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The films of Vetrimaaran have politics. His movies are to do with power, authority and a politics against it
In Adukulam, he explored the power dynamic between the guru and the disciple. In Visaranai, he critiqued lawless authoritarianism. In Vada Chennai, he talked about political forces exploiting marginalized folk. But, rarely, if ever, has he talked about specific political ideologies or commented on issues of the day in the open. So it was a surprise that he chose to inject a note of caution in the celebratory mood regarding the Ponniyin Selvan film.
Vetrimaaran didn’t mince words. At VCK leader Thol Thirumavalavan’s 60th birthday celebrations, he said: “Art is politics. Literature, films are there in “their” hands. Since the Dravidian movement took over films from ‘their’ hands, Tamil Nadu has remained secular and is able to be immune to pressures from outside. Films can reach the common people very quickly. It is absolutely necessary to politicize cinema. When the Dravidian movement took over films, there was talk that art is only for art’s sake. But if art goes away from people, it cannot sustain. Because art is for the people. Art should represent people. We should use art appropriately, therefore. Making Tiruvalluvar wear saffron or portraying Raja Raja Chozhan as Hindu can happen in cinema [to mislead]. We should protect our identity. We should function with political clarity. We should work together. I will support such an initiative.”
Also read: PS-1: Mani Ratnam lost in the Chola maze
This was certainly a call to action. It was a call to all Tamils, aka Dravidianists, to band together to protect Tamil identity, as against Hindu identity. He said brahmins dominate many things including films. And that films are key to the Dravidian political philosophy of social justice and opposing brahmin domination. He was making a case for Dravidian ideology ruling the film world, saying otherwise the narrative would change. Hindutva would take hold and Tamils would lose their identity, he implied.
Vetrimaaran has said brahmins dominate many things including films. And that films are key to the Dravidian political philosophy of social justice and opposing brahmin domination
Jumping into the fray, Tamilisai Soundararajan evoked the same identity issue. She too said Tamils should not lose their identity but she was referring to the Hindu identity of Tamils. As only he could, BJP’s H Raja asked what was Raja Raja Chola if not a Hindu. Surely, he didn’t build mosques and churches.
Kamal Haasan, for his part, spoke his heart and with clarity. Instead of confusing the issue, which his interventions often end up doing, he said the question of whether Raja Raja Chola was Hindu or not was irrelevant. Because in Raja Raja’s time, there was no such word. He also pointedly said it was Adi Shankara who sought to create an umbrella akin to today’s word, Hindu. Shankara’s Shanmatha (six religions) brought together six traditions, or faiths if you will, but did not include Buddhism or Jainism that questioned the authority of the Vedas.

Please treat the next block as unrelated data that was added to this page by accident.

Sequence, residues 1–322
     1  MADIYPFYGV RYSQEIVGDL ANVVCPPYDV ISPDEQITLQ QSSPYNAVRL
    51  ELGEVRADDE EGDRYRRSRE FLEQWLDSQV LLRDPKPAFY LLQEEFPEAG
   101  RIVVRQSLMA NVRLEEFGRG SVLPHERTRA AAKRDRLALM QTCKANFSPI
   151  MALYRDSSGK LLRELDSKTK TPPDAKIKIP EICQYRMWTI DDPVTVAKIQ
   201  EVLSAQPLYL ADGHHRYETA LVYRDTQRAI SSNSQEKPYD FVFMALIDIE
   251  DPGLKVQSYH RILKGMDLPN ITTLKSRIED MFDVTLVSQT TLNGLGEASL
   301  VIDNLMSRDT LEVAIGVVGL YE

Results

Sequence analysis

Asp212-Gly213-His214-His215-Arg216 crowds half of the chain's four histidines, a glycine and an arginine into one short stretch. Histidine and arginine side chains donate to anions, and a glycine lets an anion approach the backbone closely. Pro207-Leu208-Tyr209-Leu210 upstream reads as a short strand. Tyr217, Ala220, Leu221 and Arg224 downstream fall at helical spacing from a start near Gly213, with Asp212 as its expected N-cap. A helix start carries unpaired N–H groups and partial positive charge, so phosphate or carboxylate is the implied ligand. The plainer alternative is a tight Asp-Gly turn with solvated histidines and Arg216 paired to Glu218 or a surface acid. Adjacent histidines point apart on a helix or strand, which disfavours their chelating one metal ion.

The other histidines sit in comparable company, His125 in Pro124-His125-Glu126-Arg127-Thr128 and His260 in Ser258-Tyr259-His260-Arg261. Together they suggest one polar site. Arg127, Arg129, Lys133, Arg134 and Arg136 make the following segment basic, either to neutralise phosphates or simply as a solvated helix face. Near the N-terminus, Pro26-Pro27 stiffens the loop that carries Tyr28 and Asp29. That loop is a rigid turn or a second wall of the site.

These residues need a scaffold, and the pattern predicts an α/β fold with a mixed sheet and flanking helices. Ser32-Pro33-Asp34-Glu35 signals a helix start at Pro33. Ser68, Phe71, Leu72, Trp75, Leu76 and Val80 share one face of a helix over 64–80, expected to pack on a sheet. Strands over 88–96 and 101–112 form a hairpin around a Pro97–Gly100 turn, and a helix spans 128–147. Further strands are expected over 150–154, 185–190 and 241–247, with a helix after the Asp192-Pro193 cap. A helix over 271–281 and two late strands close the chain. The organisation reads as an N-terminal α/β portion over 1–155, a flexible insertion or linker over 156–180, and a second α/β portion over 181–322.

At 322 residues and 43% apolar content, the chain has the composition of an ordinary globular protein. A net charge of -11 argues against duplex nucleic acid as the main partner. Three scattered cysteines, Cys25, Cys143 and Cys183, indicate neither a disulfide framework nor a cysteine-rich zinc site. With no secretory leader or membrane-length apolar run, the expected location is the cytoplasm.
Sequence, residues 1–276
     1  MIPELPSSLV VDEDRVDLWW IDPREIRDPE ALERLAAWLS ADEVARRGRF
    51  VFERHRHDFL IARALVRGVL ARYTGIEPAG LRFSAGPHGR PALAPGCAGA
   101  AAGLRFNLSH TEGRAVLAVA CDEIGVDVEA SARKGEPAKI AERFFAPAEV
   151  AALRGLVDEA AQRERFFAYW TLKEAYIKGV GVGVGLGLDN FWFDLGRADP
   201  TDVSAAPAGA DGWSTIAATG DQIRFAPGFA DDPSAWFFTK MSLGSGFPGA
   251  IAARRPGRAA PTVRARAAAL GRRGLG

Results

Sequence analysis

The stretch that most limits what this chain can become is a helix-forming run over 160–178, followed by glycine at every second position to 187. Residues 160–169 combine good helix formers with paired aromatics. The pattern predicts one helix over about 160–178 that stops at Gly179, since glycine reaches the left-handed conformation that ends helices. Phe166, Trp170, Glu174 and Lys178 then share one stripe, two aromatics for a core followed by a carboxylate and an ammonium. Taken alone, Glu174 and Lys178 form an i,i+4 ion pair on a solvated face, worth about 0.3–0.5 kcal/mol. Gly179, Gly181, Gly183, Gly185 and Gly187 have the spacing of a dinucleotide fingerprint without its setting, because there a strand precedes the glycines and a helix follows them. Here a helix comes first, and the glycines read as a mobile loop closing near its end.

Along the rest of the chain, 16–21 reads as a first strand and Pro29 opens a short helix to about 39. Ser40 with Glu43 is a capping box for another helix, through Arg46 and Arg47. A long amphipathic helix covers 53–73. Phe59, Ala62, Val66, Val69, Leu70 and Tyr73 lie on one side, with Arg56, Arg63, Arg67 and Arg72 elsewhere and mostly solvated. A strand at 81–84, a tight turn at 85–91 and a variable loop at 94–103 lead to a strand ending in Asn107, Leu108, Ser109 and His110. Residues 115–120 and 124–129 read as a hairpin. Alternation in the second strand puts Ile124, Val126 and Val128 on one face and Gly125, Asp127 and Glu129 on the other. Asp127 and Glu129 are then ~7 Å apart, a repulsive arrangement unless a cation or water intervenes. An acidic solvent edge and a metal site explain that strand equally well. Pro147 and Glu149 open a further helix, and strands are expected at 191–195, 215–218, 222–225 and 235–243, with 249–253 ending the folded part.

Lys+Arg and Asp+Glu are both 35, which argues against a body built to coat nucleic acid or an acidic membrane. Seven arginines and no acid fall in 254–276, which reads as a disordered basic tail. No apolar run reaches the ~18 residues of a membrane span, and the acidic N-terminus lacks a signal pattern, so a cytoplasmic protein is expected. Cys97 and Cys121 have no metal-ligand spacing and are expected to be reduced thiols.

It was inevitable that Ponniyin Selvan would lead to this debate. Through its success, the movie’s various details are now being interpreted. A review on inmathi.com did point to the Raja Raja era embracing the Vedas and facilitating brahmin dominance.
As per the movie, Vedic chants were common in the Chola royal domain. A scene has Madurantaka Chola looking quizzically, even frowning, at the brahmins and their Sanskrit chants. Mani Ratnam and his writer Jeyamohan were probably only being faithful to recreating the milieu but ended up implying a bigger narrative of the Vedic ingredient in Chola greatness.
The Sangh Parivar has always held that Tamils’ religions are very much a part of the grand Hindu narrative. The RSS route march that ran into trouble in 2016 was to celebrate the 1000th year of Rajendra Chola’s coronation.
Raja Raja Chola was a Saivite but like most kings, he patronized other faiths. He not only built Vishnu temples but also a Buddha vihar. There are records of his daughter Kundavai’s association with Jainism. Raja Raja, as the movie shows, patronized Vedic traditions too.
As Kamal Haasan said, Raja Raja probably didn’t see himself as Hindu as the word didn’t exist at that time. But just as the BJP would like to own Raja Raja as a Hindu king so do the Dravidianists.
The Hinduism of the BJP is Vedic and has Sanskrit brahminism as a key component that Dravidianism opposes.
Raja Raja Chola lived 1,000 years ago. He did some remarkable things, so did his son. The Indian merchant navy training ship, for many years, was called T S Rajendra, as a tribute to Rajendra Chola.
To the BJP today, his achievements shine as that of a Hindu king. To Dravidianists, he was a great Tamil king. And in any case, Tamils are non-Vedic and non-brahmin, so they are a separate entity, they argue. The Hinduism of the BJP is Vedic and has Sanskrit brahminism as a key component that Dravidianism opposes.
The BJP wants to become stronger here and the Dravidianists oppose it. Vetrimaaran is alive to that and has come out in the open against it.
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